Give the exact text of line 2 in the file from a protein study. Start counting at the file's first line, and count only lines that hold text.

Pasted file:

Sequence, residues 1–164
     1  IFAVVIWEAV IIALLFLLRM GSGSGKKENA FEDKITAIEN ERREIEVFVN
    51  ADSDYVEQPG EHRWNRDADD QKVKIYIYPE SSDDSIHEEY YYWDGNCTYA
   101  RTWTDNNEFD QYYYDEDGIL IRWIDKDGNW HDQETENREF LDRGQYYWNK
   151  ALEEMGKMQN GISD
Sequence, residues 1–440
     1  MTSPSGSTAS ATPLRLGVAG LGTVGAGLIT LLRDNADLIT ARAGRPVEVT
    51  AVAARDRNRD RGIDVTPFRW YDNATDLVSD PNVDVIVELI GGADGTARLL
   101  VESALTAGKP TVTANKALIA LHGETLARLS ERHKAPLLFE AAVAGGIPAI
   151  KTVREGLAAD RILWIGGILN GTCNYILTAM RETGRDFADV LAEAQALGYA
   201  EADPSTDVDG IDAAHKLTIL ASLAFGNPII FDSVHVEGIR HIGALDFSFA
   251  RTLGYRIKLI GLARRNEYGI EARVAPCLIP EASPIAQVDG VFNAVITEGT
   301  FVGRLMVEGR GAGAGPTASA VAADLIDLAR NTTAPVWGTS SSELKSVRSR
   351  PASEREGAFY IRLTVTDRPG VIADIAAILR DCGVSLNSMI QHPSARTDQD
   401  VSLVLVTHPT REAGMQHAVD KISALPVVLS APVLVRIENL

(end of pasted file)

     1  IFAVVIWEAV IIALLFLLRM GSGSGKKENA FEDKITAIEN ERREIEVFVN